President Trump tweeted his disappointment in Sweden's prime minister Thursday after news broke that American rapper A$AP Rocky is being charged with assault over a fight in Stockholm last month.
"Very disappointed in Prime Minister Stefan Löfven for being unable to act," Trump wrote. "Sweden has let our African American Community down in the United States. I watched the tapes of A$AP Rocky, and he was being followed and harassed by troublemakers. Treat Americans fairly! #FreeRocky."
In a second tweet, Trump added: "Give A$AP Rocky his FREEDOM. We do so much for Sweden but it doesn’t seem to work the other way around. Sweden should focus on its real crime problem! #FreeRocky."
Prosecutor Daniel Suneson said in a statement that he filed charges against A$AP Rocky -- born Rakim Athelaston Mayers -- and two others, "having come to the conclusion that the events in question constitute a crime and despite claims of self-defense and provocation."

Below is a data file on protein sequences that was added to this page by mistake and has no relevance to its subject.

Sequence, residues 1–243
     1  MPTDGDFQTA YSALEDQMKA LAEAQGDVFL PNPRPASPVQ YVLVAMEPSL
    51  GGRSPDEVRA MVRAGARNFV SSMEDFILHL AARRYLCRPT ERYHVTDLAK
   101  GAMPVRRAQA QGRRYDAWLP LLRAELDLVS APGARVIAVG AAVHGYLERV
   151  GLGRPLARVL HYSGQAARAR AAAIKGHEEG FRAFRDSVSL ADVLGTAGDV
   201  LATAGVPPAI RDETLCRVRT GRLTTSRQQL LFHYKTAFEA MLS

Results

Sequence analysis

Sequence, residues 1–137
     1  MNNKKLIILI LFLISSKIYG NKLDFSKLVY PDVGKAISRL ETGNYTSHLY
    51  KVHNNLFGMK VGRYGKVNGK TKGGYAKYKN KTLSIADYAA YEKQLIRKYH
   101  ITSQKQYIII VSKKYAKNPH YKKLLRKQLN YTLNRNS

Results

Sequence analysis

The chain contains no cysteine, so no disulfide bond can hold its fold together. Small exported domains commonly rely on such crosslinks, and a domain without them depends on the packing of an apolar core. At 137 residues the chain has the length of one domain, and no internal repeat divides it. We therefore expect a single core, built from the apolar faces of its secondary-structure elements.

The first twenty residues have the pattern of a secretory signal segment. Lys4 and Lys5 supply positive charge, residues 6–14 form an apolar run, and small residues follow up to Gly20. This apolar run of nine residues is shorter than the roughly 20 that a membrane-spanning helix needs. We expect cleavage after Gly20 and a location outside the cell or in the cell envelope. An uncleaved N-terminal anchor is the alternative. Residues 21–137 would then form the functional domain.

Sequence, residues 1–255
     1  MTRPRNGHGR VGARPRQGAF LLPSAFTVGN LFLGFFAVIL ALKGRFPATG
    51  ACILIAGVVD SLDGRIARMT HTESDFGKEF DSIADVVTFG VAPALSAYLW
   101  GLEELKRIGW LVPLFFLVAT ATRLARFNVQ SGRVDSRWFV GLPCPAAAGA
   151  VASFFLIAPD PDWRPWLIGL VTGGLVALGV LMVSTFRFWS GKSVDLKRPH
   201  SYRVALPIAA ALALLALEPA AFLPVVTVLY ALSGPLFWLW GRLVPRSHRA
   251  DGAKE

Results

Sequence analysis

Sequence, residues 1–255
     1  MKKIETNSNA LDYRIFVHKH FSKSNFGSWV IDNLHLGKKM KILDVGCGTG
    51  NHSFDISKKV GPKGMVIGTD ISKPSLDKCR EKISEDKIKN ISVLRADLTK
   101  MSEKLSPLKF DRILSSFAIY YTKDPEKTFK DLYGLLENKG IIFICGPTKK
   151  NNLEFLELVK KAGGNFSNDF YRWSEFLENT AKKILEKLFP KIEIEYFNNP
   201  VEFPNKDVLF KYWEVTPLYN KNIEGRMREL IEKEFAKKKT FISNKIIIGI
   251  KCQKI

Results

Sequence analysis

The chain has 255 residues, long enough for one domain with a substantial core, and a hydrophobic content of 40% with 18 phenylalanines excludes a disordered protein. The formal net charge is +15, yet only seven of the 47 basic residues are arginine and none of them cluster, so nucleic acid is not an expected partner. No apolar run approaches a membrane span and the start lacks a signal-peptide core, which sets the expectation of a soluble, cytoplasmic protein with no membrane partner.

Multiple celebrities, including Kim Kardashian, Sean "Diddy" Combs, Justin Bieber and Nicki Minaj, have all pushed for Rocky's release. Trump spoke with Löfven Saturday at the urging of those celebrities as well as first lady Melania Trump.
Rocky, a platinum-selling, Grammy-nominated artist has been in custody since July 3 as authorities investigate a fight he was allegedly involved in on June 30 before appearing at a music festival.
It was not clear who else was involved, but videos published on social media appear to show a person being thrown onto the ground by Rocky. The New York-based rapper's attorney has claimed that Rocky acted in self-defense.
The three suspects will remain in custody until trial. The Stockholm District Court will have to set a date for the proceedings. On Monday, Swedish prosecutors dropped their investigation into a man they said was involved in the fight with Rocky.
Trump tweeted Saturday that he had assured Löfven that Rocky would not be a flight risk and offered to personally vouch for the rapper’s bail, even though the concept of bail does not exist in the Swedish criminal justice system.
Fox News' Julius Young and Danielle Wallace and The Associated Press contributed to this report.